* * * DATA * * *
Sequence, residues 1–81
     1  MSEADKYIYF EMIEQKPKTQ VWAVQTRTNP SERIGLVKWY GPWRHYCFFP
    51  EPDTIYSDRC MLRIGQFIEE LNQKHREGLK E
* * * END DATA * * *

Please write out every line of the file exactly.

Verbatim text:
Sequence, residues 1–81
     1  MSEADKYIYF EMIEQKPKTQ VWAVQTRTNP SERIGLVKWY GPWRHYCFFP
    51  EPDTIYSDRC MLRIGQFIEE LNQKHREGLK E